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author = "Samlan, {Robin A} and Story, {Brad H}",
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N2 - Purpose: To relate vocal fold structure and kinematics to 2 acoustic measures: cepstral peak prominence (CPP) and the amplitude of the first harmonic relative to the second (H1-H2). Method: The authors used a computational, kinematic model of the medial surfaces of the vocal folds to specify features of vocal fold structure and vibration in a manner consistent with breathy voice. Four model parameters were altered: degree of vocal fold adduction, surface bulging, vibratory nodal point, and supraglottal constriction. CPP and H1-H2 were measured from simulated glottal area, glottal flow, and acoustic waveforms and were related to the underlying vocal fold kinematics. Results: CPP decreased with increased separation of the vocal processes, whereas the nodal point location had little effect. H1-H2 increased as a function of separation of the vocal processes in the range of 1.0mmto 1.5mmand decreased with separation >1.5 mm. Conclusions: CPP is generally a function of vocal process separation. H1*-H2* (see paragraph 6 of article text for an explanation of the asterisks) will increase or decrease with vocal process separation on the basis of vocal fold shape, pivot point for the rotational mode, and supraglottal vocal tract shape, limiting its utility as an indicator of breathy voice. Future work will relate the perception of breathiness to vocal fold kinematics and acoustic measures.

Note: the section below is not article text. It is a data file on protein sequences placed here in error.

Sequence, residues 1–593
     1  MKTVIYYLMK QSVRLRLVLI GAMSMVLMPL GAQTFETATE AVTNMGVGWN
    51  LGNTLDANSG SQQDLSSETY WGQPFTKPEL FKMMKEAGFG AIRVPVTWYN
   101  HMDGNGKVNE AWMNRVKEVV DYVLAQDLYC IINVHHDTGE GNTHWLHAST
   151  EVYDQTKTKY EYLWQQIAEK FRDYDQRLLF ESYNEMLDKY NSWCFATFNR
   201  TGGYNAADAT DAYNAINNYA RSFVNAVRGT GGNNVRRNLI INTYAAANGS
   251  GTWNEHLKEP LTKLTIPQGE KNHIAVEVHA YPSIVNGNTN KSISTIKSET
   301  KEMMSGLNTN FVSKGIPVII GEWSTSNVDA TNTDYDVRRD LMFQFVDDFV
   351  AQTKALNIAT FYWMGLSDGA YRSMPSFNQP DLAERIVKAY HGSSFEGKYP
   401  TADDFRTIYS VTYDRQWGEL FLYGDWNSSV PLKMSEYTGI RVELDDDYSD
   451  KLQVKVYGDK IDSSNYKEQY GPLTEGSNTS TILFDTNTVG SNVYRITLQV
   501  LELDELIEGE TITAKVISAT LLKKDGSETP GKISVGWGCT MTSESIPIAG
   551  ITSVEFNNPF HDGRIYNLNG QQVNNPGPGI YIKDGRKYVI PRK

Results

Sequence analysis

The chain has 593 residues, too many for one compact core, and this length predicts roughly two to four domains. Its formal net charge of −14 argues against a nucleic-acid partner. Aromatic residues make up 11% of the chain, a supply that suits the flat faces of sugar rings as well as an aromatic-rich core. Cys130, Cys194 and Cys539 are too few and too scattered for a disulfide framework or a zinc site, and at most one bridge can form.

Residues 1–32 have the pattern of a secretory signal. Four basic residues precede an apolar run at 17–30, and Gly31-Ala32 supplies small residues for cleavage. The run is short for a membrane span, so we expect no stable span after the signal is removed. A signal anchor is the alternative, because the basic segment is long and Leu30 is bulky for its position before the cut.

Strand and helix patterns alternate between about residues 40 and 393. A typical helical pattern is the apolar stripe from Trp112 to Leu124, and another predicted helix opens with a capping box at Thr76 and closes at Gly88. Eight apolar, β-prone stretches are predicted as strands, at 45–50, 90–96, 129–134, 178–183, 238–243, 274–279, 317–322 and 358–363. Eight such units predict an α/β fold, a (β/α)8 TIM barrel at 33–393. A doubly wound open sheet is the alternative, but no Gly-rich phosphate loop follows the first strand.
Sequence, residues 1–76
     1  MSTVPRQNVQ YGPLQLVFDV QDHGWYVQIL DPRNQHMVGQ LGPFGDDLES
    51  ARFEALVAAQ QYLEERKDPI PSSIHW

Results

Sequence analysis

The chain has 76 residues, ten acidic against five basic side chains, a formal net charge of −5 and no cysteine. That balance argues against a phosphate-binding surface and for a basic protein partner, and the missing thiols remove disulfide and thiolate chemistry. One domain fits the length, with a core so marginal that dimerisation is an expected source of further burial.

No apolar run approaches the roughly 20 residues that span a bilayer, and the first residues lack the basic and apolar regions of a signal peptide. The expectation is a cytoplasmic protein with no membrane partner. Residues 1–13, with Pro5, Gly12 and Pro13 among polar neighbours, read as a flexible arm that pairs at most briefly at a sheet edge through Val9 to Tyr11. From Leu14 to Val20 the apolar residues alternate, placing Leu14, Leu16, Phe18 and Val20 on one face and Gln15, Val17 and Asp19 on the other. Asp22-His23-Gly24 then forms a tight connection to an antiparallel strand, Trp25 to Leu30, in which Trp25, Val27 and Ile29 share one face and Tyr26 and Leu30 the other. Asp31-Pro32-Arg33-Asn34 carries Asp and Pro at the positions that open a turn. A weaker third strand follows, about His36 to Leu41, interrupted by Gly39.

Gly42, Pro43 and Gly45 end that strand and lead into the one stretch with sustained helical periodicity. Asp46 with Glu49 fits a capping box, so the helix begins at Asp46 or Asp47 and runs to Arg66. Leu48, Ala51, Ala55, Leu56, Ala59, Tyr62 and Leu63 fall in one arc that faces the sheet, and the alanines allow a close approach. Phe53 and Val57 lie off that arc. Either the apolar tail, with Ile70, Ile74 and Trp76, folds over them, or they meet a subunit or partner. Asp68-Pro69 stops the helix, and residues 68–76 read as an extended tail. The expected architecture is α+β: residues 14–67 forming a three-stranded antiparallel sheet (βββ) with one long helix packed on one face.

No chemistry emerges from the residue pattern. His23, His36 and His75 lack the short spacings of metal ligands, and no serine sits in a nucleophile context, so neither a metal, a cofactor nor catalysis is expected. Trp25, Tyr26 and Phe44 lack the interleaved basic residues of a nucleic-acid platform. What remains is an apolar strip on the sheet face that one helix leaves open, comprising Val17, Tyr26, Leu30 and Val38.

AB - Purpose: To relate vocal fold structure and kinematics to 2 acoustic measures: cepstral peak prominence (CPP) and the amplitude of the first harmonic relative to the second (H1-H2). Method: The authors used a computational, kinematic model of the medial surfaces of the vocal folds to specify features of vocal fold structure and vibration in a manner consistent with breathy voice. Four model parameters were altered: degree of vocal fold adduction, surface bulging, vibratory nodal point, and supraglottal constriction. CPP and H1-H2 were measured from simulated glottal area, glottal flow, and acoustic waveforms and were related to the underlying vocal fold kinematics. Results: CPP decreased with increased separation of the vocal processes, whereas the nodal point location had little effect. H1-H2 increased as a function of separation of the vocal processes in the range of 1.0mmto 1.5mmand decreased with separation >1.5 mm. Conclusions: CPP is generally a function of vocal process separation. H1*-H2* (see paragraph 6 of article text for an explanation of the asterisks) will increase or decrease with vocal process separation on the basis of vocal fold shape, pivot point for the rotational mode, and supraglottal vocal tract shape, limiting its utility as an indicator of breathy voice. Future work will relate the perception of breathiness to vocal fold kinematics and acoustic measures.